What are some of your favorite NJ businesses and spots that you and your family enjoy? In Englewood, at the end of Palisade Avenue, you can walk down to the mouth of the GW Bridge, where the view is incredible. Many people cycle, but that’s not our thing, though we’re always up for that walk and do it with our dog often. Also, I like to support our local Englewood businesses as much as possible. I get food from It’s Greek to Me at least three times a week. Buckley’s Drug Store is another one of my go-to’s. It’s a mom-and-pop pharmacy-type business, and I’ll always choose them over a chain like CVS because I prefer the more personalized service.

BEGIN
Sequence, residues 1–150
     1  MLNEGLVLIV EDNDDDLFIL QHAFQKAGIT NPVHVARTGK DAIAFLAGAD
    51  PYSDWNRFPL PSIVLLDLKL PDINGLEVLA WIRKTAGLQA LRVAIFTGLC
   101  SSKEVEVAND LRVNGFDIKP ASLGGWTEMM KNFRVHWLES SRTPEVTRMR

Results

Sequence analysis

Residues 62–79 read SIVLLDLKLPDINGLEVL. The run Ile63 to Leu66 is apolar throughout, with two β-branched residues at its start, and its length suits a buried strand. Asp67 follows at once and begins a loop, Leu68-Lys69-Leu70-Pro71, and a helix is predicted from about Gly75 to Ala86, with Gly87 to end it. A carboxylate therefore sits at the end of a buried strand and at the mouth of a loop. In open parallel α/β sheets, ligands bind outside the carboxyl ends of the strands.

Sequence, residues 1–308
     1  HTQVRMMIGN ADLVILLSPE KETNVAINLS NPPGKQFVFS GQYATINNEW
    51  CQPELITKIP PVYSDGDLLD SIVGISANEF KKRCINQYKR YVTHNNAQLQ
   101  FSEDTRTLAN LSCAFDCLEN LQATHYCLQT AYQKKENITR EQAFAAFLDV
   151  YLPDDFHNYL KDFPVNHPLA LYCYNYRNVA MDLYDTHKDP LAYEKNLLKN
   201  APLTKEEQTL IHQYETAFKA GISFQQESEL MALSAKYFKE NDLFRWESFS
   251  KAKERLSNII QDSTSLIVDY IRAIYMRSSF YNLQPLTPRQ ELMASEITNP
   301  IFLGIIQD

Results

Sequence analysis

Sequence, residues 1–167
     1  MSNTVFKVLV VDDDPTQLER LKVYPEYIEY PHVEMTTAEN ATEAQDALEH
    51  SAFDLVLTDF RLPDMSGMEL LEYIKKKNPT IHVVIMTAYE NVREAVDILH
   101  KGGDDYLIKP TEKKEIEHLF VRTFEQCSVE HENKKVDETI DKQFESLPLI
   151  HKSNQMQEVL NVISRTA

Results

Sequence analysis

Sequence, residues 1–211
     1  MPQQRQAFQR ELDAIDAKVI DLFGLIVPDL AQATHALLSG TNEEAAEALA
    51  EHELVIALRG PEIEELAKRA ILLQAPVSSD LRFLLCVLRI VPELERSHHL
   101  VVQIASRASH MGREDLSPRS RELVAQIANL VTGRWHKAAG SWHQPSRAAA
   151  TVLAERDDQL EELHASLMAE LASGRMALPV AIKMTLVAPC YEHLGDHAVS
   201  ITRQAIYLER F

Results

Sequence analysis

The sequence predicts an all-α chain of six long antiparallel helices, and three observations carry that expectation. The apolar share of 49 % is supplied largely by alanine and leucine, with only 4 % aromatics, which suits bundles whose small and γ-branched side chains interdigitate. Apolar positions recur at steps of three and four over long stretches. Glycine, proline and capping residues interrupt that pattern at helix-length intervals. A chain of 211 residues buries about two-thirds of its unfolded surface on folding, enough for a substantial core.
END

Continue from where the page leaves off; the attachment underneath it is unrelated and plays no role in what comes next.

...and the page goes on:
Please share your best practical advice for a mompreneur just starting out. If it’s eating at your kishkas (another way of saying if you feel it in your gut), just run with it and don’t overthink it. And figure out your customer base early on—I tell my staff that everyone is a cherished customer, no matter what they’re buying—I want each of my customers to have a pleasant and exciting experience.